- The Washington Times - Thursday, April 19, 2001

The leading dissident on Gazproms board of directors yesterday denounced the Russian natural gas giants hostile takeover of the countrys last independent national television network as "scandalous" and politically motivated.

"If they cared about the value of the company, why would they let the best journalists leave?" said Boris Fedorov, a former deputy prime minister and minister of finance, in a Washington address yesterday.

Russian media tycoon Vladimir Gusinsky, who has seen key pieces of his Media-Most press empire fall to Gazprom over the past week, scored a small victory yesterday when a Spanish court rejected an extradition request from Moscow prosecutors seeking to force him to return home to face multiple charges of fraud.

The heavily indebted Mr. Gusinsky contends that his legal and financial problems have been orchestrated by the Kremlin because of his network´s criticism of Russian President Vladimir Putin. Mr. Gusinsky has been under house arrest in Spain since Dec. 12 as he fights Russian government attempts to extradite him.

While many Western governments have called the Gusinsky fight a test case for press freedoms in Russia, Mr. Putin has repeatedly said the dispute is a purely financial one in which the government should not intervene.

The Russian government is Gazprom´s largest shareholder with 38.3 percent of its stock. The company, the largest natural gas supplier in the world, by itself accounts for 7 percent of Russia´s gross domestic product and a fifth of the government´s tax base.

The State Department yesterday issued yet another condemnation of the Russian government´s handling of the case, including what it said were "political pressure and intimidation tactics." Mr. Gusinsky´s media outlets have been among the few to criticize the government´s handling of the war in Chechnya and to investigate corruption in the Kremlin.

"We´ve seen actions that have led many reasonable observers to conclude that the campaign is politically motivated," State Department spokesman Richard Boucher said yesterday.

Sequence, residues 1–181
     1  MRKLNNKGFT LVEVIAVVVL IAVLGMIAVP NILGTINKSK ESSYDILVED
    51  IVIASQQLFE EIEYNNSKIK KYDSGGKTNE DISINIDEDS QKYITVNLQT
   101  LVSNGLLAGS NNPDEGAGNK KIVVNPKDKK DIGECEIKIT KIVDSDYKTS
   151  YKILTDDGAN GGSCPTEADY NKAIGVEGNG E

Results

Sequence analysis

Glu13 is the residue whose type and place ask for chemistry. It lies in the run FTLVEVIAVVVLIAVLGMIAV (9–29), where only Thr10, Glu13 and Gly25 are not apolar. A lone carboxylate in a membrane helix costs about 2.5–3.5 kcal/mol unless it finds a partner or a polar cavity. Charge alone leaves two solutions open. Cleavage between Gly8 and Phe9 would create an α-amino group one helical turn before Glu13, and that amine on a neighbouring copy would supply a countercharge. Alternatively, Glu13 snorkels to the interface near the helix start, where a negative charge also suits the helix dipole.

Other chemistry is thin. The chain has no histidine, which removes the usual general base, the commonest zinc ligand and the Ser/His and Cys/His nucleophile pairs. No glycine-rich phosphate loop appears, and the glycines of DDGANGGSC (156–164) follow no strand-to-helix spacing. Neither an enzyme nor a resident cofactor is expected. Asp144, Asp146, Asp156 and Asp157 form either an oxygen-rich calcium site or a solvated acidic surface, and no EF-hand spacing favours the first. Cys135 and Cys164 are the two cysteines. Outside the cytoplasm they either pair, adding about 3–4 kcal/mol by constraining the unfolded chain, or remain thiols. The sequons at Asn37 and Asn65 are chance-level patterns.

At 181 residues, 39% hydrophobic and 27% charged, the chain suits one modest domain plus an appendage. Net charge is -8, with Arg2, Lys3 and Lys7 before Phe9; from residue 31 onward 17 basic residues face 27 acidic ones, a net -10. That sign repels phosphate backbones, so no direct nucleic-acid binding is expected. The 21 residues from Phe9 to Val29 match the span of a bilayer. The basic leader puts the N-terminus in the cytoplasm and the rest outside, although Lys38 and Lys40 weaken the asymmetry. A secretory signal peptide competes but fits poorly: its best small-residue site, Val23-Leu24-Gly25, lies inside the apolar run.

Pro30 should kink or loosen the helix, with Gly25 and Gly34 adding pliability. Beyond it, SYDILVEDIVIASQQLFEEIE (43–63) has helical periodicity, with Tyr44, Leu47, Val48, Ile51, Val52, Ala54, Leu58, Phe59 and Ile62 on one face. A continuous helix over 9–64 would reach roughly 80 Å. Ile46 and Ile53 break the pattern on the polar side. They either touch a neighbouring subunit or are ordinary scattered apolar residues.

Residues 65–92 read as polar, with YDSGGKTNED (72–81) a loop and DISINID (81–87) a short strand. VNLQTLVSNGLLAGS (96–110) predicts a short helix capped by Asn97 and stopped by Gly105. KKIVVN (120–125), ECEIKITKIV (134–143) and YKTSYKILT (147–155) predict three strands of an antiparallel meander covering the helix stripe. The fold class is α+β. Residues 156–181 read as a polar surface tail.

NTV, the newspaper Segodnya, and the political magazine Itogi all part of the Media-Most empire now appear firmly under the control of Gazprom. The U.S. newsmagazine Newsweek announced yesterday it was terminating its editorial relationship with Itogi, citing the change in management control.

Gazprom´s weekend takeover of the NTV studios has also cast serious doubts on a proposed minority investment by U.S. billionaire and CNN founder Ted Turner. Gazprom officials said last week they had "serious doubts" about the Turner investment and a Turner representative said Mr. Turner was re-evaluating his offer in light of the management ouster.

U.S.-born investment banker Boris Jordan and Gazprom-Media head Alfred Kokh, a former Russian economics minister who oversaw a number of controversial privatization deals in the mid-1990s, contend Mr. Gusinsky is to blame for mismanaging his companies and failing to pay back hundreds of millions of dollars in loans guaranteed by Gazprom.

NTV was "on a fast and sure road to bankruptcy, " Mr. Jordan contended in an opinion piece in yesterday´s online edition of the Wall Street Journal.

But Mr. Fedorov said Mr. Kokh and Mr. Jordan are "famous for asset-stripping," not for any expertise in running an independent media company.

"This is scandalous; this is immoral, " Mr. Fedorov said. "These guys are mercenaries."

There was further confusion in Moscow yesterday as a group of journalists at the small TV6 network announced they were resigning rather than work with some of the leading journalists who recently quit NTV. TV6 owner Boris Berezovsky, like Mr. Gusinsky a Russian business "oligarch" who has fallen out with Mr. Putin, had agreed to hire the ex-NTV journalists.

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